Bridging Borders: Notre Dame Law School Welcomes Visiting Scholars from Japan

Author: Arienne Calingo

Japanese Visiting Scholars

Each year, Notre Dame Law School's Visiting Scholars Program hosts several exceptional international scholars, legal practitioners, professors, judges, civil society leaders, and government officials. The program is part of an incredibly long-standing relationship between Notre Dame Law School and Japan, which began with the international exchange of Japanese legal practitioners in 1967.

Currently, the Law School has a program with the Supreme Court of Japan, in which the Supreme Court typically selects one judge and one prosecutor for the program every year. The program with Japan serves as an opportunity for Japanese courts and prosecutors’ offices to help globalize the legal system in Japan. During the 2023-24 academic year, the Law School hosted three visiting scholars from Japan: Professor Makoto Kawami (Aoyama Gakuin University), Prosecutor Takahide Tokumitsu, and Judge Koutarou Ogura (Tokyo District Court).

Professor Kawami teaches in the Department of Community Studies at Aoyama Gakuin University. His research interests lie in current trends in natural law theory and how they apply to critical contemporary legal issues, particularly in Japan. His work focuses on bioethics, social services, and a range of global issues, and explores the meaning and application of fundamental legal concepts, including liberty, life, welfare, equality, and peace from the perspective of human dignity and care. Kawami was also a visiting scholar at Notre Dame Law School during the 1999-2000 academic year.

Prosecutor Tokumitsu has been working as a Japanese prosecutor for six years. At Notre Dame Law School, he conducted research on the reduction of written documents and the change to electronic evidence in criminal proceedings. He also researched policies and practices regarding the confiscation of crypto assets from criminals.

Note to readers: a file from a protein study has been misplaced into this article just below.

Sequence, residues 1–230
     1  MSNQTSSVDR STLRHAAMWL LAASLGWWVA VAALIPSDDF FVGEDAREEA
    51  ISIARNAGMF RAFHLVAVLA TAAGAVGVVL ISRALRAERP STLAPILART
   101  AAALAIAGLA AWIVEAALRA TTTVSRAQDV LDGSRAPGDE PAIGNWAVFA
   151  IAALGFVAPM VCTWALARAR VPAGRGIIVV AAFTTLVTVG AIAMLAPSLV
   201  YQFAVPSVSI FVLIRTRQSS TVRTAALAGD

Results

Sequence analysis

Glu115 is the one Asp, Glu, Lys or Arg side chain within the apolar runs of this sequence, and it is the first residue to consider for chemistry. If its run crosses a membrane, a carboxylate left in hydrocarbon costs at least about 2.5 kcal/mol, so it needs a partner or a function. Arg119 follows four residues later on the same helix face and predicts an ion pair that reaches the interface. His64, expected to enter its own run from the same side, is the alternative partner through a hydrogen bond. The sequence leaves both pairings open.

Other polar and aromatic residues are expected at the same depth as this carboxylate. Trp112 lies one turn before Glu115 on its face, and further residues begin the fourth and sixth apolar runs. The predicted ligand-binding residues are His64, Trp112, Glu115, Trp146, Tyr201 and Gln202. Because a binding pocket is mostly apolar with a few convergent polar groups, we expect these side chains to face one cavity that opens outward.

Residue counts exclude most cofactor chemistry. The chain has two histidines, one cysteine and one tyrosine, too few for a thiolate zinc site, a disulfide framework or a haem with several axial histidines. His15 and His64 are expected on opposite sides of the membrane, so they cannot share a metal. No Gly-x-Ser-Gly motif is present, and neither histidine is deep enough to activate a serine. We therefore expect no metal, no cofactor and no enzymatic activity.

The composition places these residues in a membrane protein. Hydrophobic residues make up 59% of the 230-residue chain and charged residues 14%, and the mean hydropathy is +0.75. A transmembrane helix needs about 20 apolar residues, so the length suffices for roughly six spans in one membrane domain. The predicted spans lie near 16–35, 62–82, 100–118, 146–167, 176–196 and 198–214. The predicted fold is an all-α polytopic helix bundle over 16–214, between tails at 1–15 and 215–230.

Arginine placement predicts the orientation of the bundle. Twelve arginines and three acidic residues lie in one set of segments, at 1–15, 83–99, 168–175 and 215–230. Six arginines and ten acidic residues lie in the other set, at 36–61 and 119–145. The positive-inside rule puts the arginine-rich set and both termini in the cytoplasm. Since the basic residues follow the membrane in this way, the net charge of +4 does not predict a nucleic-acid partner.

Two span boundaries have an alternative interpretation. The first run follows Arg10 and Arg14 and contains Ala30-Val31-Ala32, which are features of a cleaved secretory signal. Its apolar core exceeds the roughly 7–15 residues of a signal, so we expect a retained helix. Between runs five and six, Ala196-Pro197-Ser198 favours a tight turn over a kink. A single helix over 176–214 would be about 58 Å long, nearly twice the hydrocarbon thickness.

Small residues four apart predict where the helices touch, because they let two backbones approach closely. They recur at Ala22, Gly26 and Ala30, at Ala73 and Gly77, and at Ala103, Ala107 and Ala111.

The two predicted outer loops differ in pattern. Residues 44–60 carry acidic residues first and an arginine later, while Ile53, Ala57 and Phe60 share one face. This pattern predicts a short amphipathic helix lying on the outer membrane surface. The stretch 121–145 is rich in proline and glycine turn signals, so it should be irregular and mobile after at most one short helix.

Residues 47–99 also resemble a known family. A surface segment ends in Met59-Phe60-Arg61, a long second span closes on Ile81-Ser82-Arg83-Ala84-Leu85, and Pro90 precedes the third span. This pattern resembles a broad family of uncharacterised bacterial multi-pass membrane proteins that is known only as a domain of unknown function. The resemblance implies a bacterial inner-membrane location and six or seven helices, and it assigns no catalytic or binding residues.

Judge Ogura serves as a judge for the Tokyo District Court in Tokyo. He focuses on civil code and civil procedure, mainly dealing with civil cases that are concerned with loan repayments, the surrender of real estate, default, tort, and medical malpractice. At Notre Dame, he researched the arrangement of issues and evidence (pleadings and discovery) in the United States. By learning about the digitization of the judicial system in the United States, Ogura seeks to find ways to improve the usage of digital technologies in the Japanese legal system.

“Our history of welcoming judges and prosecutors from Japan to Notre Dame Law School is longstanding and we’re delighted to be continuing it. We look forward to welcoming our new visitors next year,” said Professor Paul Miller, Associate Dean for International and Graduate Programs, and Robert and Marion Short Professor of Law.

“I am confident that all the experiences Notre Dame has given me and the results of my studies at Notre Dame will have a positive impact on the Japanese Prosecutor's Office, the Ministry of Justice, and the people of Japan,” said Tokumitsu. “I hope that the wonderful and traditional relationship between the Japanese Public Prosecutors Office and the University of Notre Dame will continue in perpetuity.”

During the 2023-24 academic year, the Law School hosted visiting scholars from London, Kenya, Australia, France, Japan, the Netherlands, and Italy. This coming academic year, the Law School will continue to host visiting scholars from across the world, including Chile, Ireland, Germany, Kenya, and Israel.

Notre Dame Law School is committed to educating a “different kind of lawyer” and shaping our students to develop cultural competence and a global perspective in order to understand how legal issues may transcend borders.

Learn more about Notre Dame Law School’s International Programs here:

Originally published by Arienne Calingo at on May 28, 2024.